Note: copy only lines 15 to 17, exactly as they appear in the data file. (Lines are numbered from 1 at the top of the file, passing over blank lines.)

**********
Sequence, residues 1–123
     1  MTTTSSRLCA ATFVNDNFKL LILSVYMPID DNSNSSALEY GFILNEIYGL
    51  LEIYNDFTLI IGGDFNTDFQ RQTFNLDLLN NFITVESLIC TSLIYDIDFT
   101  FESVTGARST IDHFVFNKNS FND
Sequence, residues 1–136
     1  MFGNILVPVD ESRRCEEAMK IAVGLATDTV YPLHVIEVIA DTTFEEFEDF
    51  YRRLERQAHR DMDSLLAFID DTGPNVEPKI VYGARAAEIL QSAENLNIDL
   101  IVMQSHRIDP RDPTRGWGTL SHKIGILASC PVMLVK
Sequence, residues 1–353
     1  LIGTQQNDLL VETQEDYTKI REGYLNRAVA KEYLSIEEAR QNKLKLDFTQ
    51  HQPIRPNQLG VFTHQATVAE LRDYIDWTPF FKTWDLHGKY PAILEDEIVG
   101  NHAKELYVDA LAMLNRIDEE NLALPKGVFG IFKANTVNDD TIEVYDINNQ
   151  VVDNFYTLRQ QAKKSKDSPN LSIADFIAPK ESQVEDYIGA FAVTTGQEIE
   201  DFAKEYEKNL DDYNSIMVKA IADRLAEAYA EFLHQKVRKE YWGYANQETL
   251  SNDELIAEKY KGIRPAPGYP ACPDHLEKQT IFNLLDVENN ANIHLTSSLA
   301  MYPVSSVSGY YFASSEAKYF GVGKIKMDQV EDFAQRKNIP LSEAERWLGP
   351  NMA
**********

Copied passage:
   251  SNDELIAEKY KGIRPAPGYP ACPDHLEKQT IFNLLDVENN ANIHLTSSLA
   301  MYPVSSVSGY YFASSEAKYF GVGKIKMDQV EDFAQRKNIP LSEAERWLGP
   351  NMA